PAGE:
The two doctors had first met in 2018 during a hands-on training in Mongolia as part of a Flying Eye Hospital project. They became friends, with Dr. Pelton serving as a mentor and advisor to Dr. Battsetseg, providing expertise and support on complex, rare cases—all facilitated by Cybersight.

Using his nearly two decades of experience in treating patients with similar conditions, Dr. Pelton reviewed Rose’s chart and images of her eye. He suggested a diagnosis—a hemangioma, or benign tumor, of the eyelid—and recommended surgical steps to restore the little girl’s sight.

Mongolian Doctor Dr. battsetseg and Orbis Volunteer Faculty Dr. Ron Pelton meet on Cybersight to discuss a clinical case

Dr. Battsetseg and Orbis Volunteer Faculty member Dr. Ron Pelton connected on Cybersight to discuss Rose's unique case.

Dr. Battsetseg appreciates the relationship Cybersight helps her maintain with Dr. Pelton: “He provides the exact necessary information based on his experience. His advice is simple ... and helps us solve cases that seemingly can’t be solved.

The family had anxiously journeyed far for treatment—and Cybersight helped bridge the even greater distance to making sure the little girl got a proper diagnosis and world-class care.

Rose’s surgery was successful, and, at her two-month check-up, her eyelid had completely healed. After the surgery, Rose’s delighted grandmother told us: “I was anxious about what might happen in the future,” she said. “Now we’re finally relaxed. With the help of many good doctors, here and abroad, this was possible.”

Dr. Battsetseg examines her patient's vision during a follow-up exam.

Dr. Battsetseg examines Rose's vision during a follow-up exam.

Help More Kids Like Rose See This World Sight Day and Beyond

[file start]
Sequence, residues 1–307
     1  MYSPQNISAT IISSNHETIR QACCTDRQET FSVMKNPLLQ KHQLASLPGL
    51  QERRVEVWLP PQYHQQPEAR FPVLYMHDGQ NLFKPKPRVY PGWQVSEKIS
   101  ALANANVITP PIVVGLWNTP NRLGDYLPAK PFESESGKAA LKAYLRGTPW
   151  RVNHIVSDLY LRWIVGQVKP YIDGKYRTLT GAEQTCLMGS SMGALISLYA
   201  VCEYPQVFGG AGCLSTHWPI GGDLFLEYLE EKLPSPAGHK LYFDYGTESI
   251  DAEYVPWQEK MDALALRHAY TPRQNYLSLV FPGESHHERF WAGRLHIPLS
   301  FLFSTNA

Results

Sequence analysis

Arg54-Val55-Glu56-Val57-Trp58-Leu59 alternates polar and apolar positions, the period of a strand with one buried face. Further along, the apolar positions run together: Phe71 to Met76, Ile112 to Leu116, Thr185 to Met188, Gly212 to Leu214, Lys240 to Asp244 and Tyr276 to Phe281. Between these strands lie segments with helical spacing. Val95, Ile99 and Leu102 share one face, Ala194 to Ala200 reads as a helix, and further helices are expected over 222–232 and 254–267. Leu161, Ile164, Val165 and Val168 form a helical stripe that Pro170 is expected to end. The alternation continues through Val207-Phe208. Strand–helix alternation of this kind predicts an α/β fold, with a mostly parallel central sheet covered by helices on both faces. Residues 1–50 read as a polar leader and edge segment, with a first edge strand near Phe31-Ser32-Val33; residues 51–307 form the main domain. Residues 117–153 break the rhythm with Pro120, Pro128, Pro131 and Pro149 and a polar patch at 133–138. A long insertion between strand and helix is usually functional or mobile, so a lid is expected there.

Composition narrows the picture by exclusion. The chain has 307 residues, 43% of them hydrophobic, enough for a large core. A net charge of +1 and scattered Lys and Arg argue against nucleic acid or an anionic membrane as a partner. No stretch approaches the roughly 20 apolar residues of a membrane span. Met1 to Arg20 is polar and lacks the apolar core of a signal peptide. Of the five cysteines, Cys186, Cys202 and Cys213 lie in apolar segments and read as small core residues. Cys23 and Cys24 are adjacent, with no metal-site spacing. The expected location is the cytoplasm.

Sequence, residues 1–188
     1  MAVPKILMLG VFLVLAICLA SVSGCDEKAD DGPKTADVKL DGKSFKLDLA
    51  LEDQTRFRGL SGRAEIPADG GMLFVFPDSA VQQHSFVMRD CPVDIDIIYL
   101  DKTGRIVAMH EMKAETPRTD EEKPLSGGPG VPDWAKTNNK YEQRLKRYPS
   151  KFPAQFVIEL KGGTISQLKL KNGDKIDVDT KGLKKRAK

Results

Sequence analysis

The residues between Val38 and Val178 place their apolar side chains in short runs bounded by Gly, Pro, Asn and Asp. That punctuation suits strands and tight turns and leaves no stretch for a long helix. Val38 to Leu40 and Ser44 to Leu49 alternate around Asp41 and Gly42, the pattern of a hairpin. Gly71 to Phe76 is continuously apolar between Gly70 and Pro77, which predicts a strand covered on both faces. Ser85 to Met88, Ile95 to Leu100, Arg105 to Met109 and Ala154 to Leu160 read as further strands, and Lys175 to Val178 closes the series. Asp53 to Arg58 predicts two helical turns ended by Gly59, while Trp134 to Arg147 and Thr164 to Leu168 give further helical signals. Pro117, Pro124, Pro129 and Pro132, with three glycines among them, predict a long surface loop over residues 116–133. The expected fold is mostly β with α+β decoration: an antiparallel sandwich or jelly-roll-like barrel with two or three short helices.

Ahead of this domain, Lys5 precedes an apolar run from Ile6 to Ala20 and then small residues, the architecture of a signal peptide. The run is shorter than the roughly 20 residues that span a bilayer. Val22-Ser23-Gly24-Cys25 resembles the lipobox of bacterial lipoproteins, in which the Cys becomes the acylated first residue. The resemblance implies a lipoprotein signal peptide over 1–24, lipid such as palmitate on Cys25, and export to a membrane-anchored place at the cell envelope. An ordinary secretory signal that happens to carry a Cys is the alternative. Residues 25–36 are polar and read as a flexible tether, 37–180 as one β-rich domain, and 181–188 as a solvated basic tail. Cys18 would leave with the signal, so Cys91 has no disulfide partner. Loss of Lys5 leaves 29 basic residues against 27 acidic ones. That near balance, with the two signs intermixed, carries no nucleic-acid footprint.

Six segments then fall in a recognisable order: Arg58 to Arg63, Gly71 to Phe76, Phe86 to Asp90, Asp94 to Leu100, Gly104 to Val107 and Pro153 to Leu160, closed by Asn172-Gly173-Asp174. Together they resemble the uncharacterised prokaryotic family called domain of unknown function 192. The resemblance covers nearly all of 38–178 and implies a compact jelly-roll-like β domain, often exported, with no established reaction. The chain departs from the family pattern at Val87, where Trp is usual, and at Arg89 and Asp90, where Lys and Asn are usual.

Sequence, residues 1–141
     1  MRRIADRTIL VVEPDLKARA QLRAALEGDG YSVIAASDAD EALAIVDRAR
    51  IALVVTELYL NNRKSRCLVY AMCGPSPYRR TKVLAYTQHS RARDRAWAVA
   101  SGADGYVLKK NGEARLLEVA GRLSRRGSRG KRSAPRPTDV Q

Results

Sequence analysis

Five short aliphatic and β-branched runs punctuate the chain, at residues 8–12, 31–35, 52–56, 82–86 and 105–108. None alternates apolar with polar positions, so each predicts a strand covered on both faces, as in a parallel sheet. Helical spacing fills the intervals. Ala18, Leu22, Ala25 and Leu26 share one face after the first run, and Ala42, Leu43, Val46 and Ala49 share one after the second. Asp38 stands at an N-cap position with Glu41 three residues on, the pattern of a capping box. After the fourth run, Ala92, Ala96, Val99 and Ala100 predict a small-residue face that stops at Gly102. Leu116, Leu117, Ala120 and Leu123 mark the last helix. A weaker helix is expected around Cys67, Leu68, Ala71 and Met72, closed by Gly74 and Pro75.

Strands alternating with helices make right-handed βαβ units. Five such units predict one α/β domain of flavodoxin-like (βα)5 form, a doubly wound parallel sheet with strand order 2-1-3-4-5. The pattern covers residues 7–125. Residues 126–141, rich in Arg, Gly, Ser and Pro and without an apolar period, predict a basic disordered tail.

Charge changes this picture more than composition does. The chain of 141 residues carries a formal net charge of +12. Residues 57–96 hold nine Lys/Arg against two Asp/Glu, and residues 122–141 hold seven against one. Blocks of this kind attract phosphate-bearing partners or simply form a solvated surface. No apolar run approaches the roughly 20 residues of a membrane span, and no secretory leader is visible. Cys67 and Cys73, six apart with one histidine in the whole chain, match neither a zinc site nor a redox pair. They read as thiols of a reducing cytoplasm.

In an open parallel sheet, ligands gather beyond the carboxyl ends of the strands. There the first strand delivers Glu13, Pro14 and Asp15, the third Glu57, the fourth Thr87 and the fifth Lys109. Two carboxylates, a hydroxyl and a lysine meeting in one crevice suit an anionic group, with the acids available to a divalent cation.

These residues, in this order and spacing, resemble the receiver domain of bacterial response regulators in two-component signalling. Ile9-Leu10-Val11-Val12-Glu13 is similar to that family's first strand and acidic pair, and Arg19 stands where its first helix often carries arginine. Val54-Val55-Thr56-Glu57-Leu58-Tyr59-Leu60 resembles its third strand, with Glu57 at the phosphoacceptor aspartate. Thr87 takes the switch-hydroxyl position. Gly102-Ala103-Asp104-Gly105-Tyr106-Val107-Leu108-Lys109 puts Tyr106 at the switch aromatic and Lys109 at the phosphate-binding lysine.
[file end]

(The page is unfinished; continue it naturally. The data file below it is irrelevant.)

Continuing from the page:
Rose smiling with a baby goat outside of her home in rural Mongolia

There are many children like Rose who are hoping to see better.

World Sight Day, the most important day in the eye health calendar, is a vital opportunity to highlight just how critical eye care is. Little Rose can see today and thrive tomorrow because of the connections and world-class care ensured by an invaluable blend of virtual and hands-on skills building.

Over the last few years, we have shifted towards building the skills of eye care teams virtually, and quite rightly so. However, this year’s World Sight Day means so much to us as we begin reviving our in-person training projects on our Flying Eye Hospital and in our partner hospitals for the first time since the pandemic began.

Now we’re taking everything we’ve learned about the power of virtual learning during the pandemic and incorporating it into in-person training models. This means we can make a greater impact than ever and build an even more hopeful future in sight for millions around the world. But we can’t do it alone!

Your support makes this work possible—and, together, we can do so much more. We’re already planning other in-person trainings in places where children and adults need vital care.

The future is in sight. Help us get there by making a gift to Orbis today.


Help us train more eye health teams around the globe